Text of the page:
In the end, it was the cold, unforgiving numbers that helped
whack the fortunes of Joseph Massino, the last of the big New York crime bosses
to be sent to the pen. For years, the leader of the Bonnano family kept a tight
leash on his captains—and his own profile—as his fellow Mafia Dons
were famously carted off to prison.
Massino became the official boss of the Bonnano family in 1992 after the
death of boss Rusty Rastelli a year earlier. Massino was fresh from a prison
stint and quietly rebuilt the Bonnano family from the ashes of an embarrassing
trial that had caused the family’s eviction from Mafia circles. Massino
restored the Bonnano family through muscle, a web of criminal schemes, and
a strict adherence to “omerta,” the Mafia code of silence. He was
considered by many in the law enforcement community to be untouchable.
That loyalty helped create a dangerous and powerful enterprise that traded
heavily in gambling, extortion, loansharking and money-laundering. Massino
and his associates were also tied to several murders, including the slayings
of fellow mobsters who betrayed the family.
But Massino’s “omerta” code would slowly disintegrate as
FBI investigators pieced together a case against the crime family using an
innovative blend of traditional shoe-leather surveillance and forensic accounting.
Two special agents, Jeffrey Sallet and Kimberly McCaffrey, both accountants
before joining the Bureau, engineered the plan. They employed a “building
block approach” using subpoenaed financial records to help pin lower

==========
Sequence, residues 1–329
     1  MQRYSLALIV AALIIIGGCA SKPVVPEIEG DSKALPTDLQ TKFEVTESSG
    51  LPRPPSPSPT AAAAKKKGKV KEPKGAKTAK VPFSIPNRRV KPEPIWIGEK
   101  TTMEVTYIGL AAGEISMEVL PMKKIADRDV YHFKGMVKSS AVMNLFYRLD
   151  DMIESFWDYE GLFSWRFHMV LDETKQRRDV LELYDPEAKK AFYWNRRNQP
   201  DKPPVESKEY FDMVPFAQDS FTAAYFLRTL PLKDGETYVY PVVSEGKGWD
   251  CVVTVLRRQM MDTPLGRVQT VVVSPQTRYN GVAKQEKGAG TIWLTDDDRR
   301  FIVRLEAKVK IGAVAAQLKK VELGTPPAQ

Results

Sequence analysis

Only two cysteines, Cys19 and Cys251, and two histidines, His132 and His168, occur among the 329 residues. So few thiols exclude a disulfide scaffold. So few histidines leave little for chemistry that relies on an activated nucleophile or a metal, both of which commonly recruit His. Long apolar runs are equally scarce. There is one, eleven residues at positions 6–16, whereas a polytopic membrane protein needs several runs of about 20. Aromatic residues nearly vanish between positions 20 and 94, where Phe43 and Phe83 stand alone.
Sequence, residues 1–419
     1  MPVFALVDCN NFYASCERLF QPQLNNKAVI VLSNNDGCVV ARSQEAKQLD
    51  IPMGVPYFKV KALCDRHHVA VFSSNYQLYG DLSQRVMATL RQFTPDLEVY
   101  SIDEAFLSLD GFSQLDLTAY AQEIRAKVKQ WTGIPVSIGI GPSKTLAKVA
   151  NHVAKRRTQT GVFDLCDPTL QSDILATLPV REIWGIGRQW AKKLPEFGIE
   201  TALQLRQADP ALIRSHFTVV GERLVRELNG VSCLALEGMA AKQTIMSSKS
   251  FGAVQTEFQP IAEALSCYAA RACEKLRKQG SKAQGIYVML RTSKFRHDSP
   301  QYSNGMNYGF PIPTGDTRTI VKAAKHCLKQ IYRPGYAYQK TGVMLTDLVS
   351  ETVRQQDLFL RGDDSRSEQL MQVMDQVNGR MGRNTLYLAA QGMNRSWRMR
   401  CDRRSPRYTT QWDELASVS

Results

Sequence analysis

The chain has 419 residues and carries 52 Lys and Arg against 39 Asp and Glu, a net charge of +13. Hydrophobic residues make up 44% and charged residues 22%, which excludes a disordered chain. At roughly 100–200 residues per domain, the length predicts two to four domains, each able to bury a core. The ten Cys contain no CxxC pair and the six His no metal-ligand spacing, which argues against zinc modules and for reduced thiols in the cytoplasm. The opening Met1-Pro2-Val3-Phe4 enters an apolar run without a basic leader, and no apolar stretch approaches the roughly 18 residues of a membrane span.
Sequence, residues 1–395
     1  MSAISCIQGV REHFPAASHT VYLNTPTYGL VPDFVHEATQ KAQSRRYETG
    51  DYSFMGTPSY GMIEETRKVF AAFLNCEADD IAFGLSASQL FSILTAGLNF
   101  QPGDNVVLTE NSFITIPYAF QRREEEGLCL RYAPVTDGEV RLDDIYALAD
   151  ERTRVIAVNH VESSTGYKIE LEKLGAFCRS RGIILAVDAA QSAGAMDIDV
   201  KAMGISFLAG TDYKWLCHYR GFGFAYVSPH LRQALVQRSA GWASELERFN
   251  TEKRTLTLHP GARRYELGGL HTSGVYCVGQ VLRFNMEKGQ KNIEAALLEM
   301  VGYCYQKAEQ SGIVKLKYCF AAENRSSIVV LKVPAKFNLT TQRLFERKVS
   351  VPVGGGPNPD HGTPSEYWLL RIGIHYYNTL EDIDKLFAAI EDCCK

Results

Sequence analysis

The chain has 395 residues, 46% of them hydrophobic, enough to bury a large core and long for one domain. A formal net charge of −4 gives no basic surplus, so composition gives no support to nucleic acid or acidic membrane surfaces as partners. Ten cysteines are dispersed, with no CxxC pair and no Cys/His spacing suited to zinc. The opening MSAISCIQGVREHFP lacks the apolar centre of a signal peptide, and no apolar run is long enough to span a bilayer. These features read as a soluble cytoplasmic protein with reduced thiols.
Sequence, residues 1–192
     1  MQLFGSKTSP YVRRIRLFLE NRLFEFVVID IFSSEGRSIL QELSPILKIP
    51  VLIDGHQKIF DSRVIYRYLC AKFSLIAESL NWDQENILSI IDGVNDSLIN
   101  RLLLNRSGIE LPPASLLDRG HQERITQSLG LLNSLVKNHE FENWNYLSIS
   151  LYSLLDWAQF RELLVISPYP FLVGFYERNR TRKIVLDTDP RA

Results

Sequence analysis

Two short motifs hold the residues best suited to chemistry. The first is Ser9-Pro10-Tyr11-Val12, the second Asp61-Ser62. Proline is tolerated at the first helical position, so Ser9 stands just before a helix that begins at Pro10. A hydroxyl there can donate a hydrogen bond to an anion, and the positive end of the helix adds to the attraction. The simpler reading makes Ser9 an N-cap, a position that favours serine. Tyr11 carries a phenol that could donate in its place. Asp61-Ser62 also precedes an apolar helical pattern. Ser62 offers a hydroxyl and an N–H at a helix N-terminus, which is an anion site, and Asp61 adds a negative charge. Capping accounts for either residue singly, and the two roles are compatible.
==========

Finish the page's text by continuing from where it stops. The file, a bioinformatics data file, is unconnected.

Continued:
level Bonnano associates to crimes. Facing hard evidence and hard time, the
associates—mob bosses, bankers—agreed to cooperate. Up the chain
it went. Every step of the way, Sallet and McCaffrey corroborated mobsters’ admissions
with seized financial documents. Their plan turned up information and targets
that might have been missed by traditional investigative methods.
Faced with mountains of evidence, one of Massino’s trusted captains
eventually turned on his boss, leading to Massino’s arrest in 2003. Massino
was convicted last summer for murder conspiracy, racketeering, and extortion,
to name a few charges. He was sentenced in June to life in prison.
For more than 70 years, the Bonnano family had stood alone as the only New
York organized crime family in which no inducted member had cooperated with
authorities. In the end, even Massino agreed to cooperate with investigators.
Roslynn Mauskopf, U.S. Attorney for the Eastern District of New York, whose
office prosecuted the cases, said the indictments “represent the broadest
and deepest prosecution ever of a New York City-based organized crime family.”
Organized Crime website | More
stories on Organized Crime